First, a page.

The settlement dilemma is still considered to be one of the most insidious obstacles to the achievement of a stable and reliable peace condition in the Middle East.
The establishment of Israeli colonies in the occupied territories is acknowledged to be against the International Law, violating the 1949 Fourth Geneva Convention. However, although the UN has already expressed itself as being against the current Israeli policy towards Palestine, little has been done about it.
The settlement policy started right after the conflict, when the Jewish State found itself with an expected enlarged territory. Even though there had been previous attempts of right-wing parties, namely the Herut, to pressure the government to pursue an aggressive and expansionist policy, in order to extend the border boundaries to “both the banks” of the Jordan River, these assertions were, until the 1967 aggression, considered irrational (Tenenbaum. K, Eiran. E (2005), Israeli Settlment activities in the West Bank and Gaza: A Brief Story, Negotiation Journal). The surprising Israeli triumph changed radically domestic attitudes. Israel has always been able to ignore the international law by refusing to sign the Vienna Convention, which reinforce the superiority of international community judgment over the domestic law, in case of conflict. As long as Israel is willing to bear the political repercussions of it, Tel Aviv is, therefore, under no obligation to respond to external pressures.
As explained by experts, the International law clearly states, with the 1949 Fourth Geneva Convention, that it is illegal, for the Occupying Power, to transfer its population into the occupied territories. Nonetheless, Israel has already replied to this criticism, asserting that the Jordanian aggression in 1967 caused it to lose its title over the West Bank, which had occupied from 1948 until 1967. The Israeli Army filled in the political vacuum that this situation created. It was not, therefore, theoretically speaking, the occupation of another state’s sovereignty soil (Galchinksy M (2004), The Jewish Settlemets in the West Bank: International Law and Israeli Jurisprudence, Indiana University Press).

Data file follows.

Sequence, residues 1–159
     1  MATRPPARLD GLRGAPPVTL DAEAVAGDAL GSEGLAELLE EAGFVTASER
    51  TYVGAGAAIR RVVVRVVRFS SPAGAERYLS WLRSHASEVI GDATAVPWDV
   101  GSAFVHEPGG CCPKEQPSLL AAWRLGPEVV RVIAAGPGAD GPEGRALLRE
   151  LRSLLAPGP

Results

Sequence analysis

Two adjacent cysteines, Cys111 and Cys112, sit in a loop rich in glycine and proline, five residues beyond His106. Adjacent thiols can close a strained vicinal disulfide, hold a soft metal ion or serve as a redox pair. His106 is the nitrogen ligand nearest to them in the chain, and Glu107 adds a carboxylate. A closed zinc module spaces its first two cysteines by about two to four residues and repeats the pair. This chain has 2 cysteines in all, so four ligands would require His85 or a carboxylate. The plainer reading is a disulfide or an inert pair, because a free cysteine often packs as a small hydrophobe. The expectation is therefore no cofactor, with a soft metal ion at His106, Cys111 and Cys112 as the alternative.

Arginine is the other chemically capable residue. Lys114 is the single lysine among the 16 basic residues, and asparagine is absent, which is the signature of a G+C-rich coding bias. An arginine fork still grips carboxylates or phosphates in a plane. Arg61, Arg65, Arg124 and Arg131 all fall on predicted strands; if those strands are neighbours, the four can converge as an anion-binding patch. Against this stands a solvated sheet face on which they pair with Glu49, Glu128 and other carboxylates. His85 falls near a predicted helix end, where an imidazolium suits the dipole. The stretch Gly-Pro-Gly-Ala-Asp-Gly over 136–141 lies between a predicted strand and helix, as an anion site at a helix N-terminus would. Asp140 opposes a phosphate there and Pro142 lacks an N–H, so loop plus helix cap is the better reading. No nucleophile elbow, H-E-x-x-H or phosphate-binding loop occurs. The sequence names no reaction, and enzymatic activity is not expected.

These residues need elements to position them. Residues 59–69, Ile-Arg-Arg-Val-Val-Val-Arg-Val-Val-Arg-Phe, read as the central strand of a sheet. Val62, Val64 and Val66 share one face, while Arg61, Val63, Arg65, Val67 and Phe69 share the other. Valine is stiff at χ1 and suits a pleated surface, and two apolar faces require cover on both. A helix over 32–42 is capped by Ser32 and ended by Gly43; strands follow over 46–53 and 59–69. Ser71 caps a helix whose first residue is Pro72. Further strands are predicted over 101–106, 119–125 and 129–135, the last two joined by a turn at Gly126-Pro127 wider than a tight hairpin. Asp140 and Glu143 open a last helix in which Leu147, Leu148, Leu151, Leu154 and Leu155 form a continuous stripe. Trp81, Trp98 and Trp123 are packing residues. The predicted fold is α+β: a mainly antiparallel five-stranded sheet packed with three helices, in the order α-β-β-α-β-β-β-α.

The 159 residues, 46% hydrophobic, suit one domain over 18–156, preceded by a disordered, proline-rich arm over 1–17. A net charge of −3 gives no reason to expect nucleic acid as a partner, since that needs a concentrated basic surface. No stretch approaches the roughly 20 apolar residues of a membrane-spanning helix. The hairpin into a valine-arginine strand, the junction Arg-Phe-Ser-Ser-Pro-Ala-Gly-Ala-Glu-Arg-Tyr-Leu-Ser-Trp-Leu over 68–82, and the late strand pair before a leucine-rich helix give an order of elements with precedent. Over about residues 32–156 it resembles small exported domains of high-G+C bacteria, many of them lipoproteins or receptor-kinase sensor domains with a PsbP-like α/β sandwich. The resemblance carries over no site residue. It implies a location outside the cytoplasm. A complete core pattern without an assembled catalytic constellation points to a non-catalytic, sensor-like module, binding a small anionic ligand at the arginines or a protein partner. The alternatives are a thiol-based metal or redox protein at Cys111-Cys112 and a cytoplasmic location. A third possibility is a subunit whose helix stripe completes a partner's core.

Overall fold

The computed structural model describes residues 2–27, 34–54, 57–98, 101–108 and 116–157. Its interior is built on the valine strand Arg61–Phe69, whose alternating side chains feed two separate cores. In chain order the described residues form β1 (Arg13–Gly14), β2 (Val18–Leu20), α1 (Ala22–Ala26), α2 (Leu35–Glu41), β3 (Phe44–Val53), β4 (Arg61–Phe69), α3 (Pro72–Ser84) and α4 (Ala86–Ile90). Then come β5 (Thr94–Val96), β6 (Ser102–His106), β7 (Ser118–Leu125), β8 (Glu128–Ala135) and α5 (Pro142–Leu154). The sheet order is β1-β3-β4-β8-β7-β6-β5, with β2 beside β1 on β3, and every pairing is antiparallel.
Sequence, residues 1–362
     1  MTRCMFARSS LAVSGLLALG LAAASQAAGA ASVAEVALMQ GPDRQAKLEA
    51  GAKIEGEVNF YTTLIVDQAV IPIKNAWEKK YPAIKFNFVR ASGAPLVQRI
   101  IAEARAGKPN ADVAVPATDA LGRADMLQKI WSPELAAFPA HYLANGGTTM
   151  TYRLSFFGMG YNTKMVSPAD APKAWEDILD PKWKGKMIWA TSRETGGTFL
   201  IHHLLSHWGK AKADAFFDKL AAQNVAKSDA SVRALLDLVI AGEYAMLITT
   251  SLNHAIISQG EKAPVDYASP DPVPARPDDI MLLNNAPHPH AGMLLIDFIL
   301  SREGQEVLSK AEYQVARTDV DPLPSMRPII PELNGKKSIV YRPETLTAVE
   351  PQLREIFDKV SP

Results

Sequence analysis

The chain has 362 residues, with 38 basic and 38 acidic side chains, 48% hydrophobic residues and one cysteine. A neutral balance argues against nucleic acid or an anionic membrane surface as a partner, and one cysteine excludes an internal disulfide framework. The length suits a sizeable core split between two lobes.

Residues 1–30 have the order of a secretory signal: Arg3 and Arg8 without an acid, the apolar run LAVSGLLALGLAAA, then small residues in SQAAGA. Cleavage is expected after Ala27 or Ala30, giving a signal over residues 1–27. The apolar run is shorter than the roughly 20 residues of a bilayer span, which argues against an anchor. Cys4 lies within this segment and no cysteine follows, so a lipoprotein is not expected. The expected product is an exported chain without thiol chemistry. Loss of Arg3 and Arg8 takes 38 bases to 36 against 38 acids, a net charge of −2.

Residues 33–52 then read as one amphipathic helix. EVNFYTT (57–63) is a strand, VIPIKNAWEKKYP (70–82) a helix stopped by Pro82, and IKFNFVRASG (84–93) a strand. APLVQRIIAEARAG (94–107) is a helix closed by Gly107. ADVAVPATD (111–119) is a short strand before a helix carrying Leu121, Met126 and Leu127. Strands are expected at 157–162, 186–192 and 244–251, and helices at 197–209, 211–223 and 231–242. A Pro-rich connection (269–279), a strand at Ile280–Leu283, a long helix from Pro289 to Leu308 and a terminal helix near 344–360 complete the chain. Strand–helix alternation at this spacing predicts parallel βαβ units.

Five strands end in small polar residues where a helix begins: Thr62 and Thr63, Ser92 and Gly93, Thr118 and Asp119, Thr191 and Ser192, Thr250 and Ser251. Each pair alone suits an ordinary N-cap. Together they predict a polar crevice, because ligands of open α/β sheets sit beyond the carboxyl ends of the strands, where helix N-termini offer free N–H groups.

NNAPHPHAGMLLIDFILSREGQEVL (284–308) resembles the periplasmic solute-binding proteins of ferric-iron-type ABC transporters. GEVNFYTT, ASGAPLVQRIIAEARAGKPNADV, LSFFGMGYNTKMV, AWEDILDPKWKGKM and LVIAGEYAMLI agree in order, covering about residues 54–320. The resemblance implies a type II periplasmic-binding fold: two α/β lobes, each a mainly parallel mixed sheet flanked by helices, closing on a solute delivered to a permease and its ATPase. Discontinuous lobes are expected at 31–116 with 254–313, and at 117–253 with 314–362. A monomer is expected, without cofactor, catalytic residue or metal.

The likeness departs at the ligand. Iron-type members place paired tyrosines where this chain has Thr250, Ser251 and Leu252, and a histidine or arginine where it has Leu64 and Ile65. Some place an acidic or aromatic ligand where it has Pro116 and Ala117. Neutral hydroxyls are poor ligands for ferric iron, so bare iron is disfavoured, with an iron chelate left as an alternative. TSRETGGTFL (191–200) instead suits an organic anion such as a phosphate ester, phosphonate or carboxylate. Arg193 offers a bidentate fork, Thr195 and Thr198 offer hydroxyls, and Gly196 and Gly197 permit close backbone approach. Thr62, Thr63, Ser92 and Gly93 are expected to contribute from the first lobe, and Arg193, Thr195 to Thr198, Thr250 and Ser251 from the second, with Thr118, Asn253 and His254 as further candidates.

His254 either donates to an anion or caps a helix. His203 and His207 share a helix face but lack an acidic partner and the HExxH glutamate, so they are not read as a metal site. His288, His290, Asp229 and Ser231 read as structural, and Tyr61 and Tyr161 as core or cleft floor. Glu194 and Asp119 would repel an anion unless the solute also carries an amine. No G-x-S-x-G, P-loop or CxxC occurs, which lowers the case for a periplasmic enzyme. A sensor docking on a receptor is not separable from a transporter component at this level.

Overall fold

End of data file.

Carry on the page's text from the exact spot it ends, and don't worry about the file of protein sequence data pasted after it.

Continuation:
Israel, however, finds itself in the middle of a political crossroads. As direct consequences of this aggressive foreign policy towards the Palestinians, two future scenarios might be found, among the several possible. On the one hand, the annex of the West Bank and the colonialized territories. This would mean the collapse of the “Jewish Dream”, that is to say the creation of a Zionist State; the Arabic population would overtake by far the number of Jewish citizens. On the other hand, the acceptance of the UN-brokered two-State solution, which ultimately, would result in a huge internal political instability considering the increasing far-right tendency registered in Israel. These trends forebodes a Jewish extremist mind-set; although many moved to the settlements to find a better life and exploit the governmental aid, many others strongly believe in the mission to conquer the “Given Land” and see this opportunity as the only chance to support this effort (Tenenbaum. K, Eiran. E (2005), Israeli Settlment activities in the West Bank and Gaza: A Brief Story, supra cit.). It might be extremely difficult to convince them to step back.
Nonetheless, if so continues, the Israeli foreign policy will ultimately destroy the on-going Middle East peace processes and causes an escalation of violence in the area. The jeopardizing of the negotiations has already been acknowledged by the International Community and obliged the United States itself to openly call for a revision of the Israeli settlement policy (Dyer. G (2016) Kerry accuses Israel of jeopardizing two-state solution, Financial Times.) The agreements, however, seem having reached a political impasse. If, on the one hand, the Palestinian Authority (PA) claims the “right to return” of the Palestinian people as a necessary condition to start the negotiations to recognize the State of Israel, the Jewish administration has already highlighted its intention to annex the settlements and their surrounding territories (Mnookin H. R, Eiran. E (2005), Discord “Behind the Table”: The Internal Conflict Among Israeli Jews Concerning the Future of Settlements in the West Bank and Gaza, Journal of Dispute Resolution, Vol. 1). Many see the incompatible interests at stake as the main cause of this stalemate.
Moreover, besides the different political views, the International landscape is, momentarily, unfavourable for the achievement of peace agreements. Two external conditions influence the Israeli-Palestinian situation: the progressive, but steady, US detachment from the Middle Eastern problem, and the worrying deterioration of the Syrian Conflict. The “West Bank dilemma” seems to have been relegated, at least from an international point of view, to a second place. Notwithstanding this, it might be wrong to underestimate the issue, especially after the new settlements plan, approved by Israel at the end of March 2017, after a 20-year political inactivity. A solution between the two parties must be found, otherwise the chance of a future third Intifada or further Israeli military actions on the West Bank, could not be taken off the table.